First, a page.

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Spokane, Washington  Est. May 19, 1883
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Spin Control

Sewer rate increase postponed

Spokane County commissioners put a planned sewer rate increase on hold Tuesday evening, giving residents another week to offer written comments, and a week beyond that for them to chew on it. They're now talking about voting on the increase at their 2 p.m. meeting on July 7.

Sewer rate increases were on the agenda of the public hearing Tuesday, but despite the prospect of a jump of about $11.50 over the next three years, the villagers did not show up with torches and pitchforks.

Commissioners were inclined to hold off anyway, citing the need to review interest rates for 20- and 25-year bonds to pay for the new wastewater treatment plant.

Estimates from a month ago showed a 25-year bond issue could lower residential rates by $2 per month compared to a 20-year bond, but cost an extra $47 million over the life of the bonds, Commission Chairman Todd Mielke said.

“It’s in the county’s and the Valley’s interest to get the lowest possible interest rates,” he said.

The county is also negotiating an interlocal agreement with the city of Spokane Valley that shows the city’s support for the project and the county’s guarantee of service for the length of the bonds, and to create an advisory committee on rates. The two governments agree on the concepts, Mielke said.

Spokane Valley Mayor Rich Munson said the city and county are still discussing some aspects of the agreement, such as the agreement not to use any other source of wastewater treatment for the life of the bonds. It has discussed the possibility of using the city of Spokane’s treatment facility but believes that option “is not a good one.”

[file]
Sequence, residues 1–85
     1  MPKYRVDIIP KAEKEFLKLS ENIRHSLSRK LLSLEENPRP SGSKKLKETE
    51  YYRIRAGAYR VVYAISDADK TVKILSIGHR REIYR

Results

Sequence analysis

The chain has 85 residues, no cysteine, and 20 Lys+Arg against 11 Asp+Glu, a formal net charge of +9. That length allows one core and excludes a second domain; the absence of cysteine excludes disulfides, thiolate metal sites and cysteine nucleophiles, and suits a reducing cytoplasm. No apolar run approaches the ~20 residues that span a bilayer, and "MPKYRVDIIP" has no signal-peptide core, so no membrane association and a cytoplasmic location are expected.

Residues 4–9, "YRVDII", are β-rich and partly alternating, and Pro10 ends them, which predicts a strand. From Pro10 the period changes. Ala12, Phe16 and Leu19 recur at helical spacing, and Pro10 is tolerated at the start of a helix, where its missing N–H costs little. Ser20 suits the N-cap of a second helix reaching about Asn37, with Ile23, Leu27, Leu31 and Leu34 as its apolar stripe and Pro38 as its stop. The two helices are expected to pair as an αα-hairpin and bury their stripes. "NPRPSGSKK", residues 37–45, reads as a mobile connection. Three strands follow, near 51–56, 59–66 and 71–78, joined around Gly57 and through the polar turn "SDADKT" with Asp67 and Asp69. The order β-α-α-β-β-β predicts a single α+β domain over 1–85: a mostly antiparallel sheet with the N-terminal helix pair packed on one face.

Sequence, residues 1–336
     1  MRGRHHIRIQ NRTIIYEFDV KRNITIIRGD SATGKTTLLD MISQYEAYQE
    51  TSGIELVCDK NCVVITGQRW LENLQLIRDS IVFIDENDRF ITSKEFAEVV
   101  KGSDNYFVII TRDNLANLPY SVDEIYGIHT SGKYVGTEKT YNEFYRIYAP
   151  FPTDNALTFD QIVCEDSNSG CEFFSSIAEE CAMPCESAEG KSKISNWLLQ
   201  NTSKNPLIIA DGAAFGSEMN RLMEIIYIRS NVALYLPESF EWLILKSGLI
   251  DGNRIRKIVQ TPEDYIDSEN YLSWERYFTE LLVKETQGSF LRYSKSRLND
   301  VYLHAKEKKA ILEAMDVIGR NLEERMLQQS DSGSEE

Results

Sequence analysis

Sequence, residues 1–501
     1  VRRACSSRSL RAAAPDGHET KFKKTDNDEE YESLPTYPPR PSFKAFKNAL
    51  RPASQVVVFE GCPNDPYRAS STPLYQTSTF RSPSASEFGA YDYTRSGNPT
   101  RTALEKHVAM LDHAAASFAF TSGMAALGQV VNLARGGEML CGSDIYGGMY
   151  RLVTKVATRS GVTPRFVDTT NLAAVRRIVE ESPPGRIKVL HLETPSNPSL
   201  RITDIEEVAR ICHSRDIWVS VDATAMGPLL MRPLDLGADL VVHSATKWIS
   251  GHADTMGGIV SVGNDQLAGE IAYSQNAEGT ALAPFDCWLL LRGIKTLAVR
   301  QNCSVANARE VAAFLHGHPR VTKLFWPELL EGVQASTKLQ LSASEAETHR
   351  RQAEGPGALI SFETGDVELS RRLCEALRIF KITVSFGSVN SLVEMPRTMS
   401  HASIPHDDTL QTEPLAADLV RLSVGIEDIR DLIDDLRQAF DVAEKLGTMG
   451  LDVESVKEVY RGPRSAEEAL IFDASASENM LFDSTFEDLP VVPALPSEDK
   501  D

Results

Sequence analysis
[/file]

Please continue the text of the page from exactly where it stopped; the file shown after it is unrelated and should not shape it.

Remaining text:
It is also concerned that the county cannot yet guarantee it will get a permit from the state to discharge treated water into the Spokane River. But city still believes the county is the best option and expects to reach an agreement.

“I don’t anticipate problems. I do anticipate discussions,” Munson said.

So there's still time for residents of the county and the city of Spokane Valley to tell commissioners what they think of paying more for sewer (hopefully without using potty mouth terms).

Got something to say? Go inside the blog for addresses.

Send an e-mail by going on the commissioners' Web site .

Or, for those who prefer to put pen to paper, paper in envelope, and envelope in mailbox, here's the street address:

Board of County Commissioners

1116 W. Broadway Avenue

Spokane, WA, 99260.


The Spokesman-Review's political team keeps a critical eye on local, state and national politics.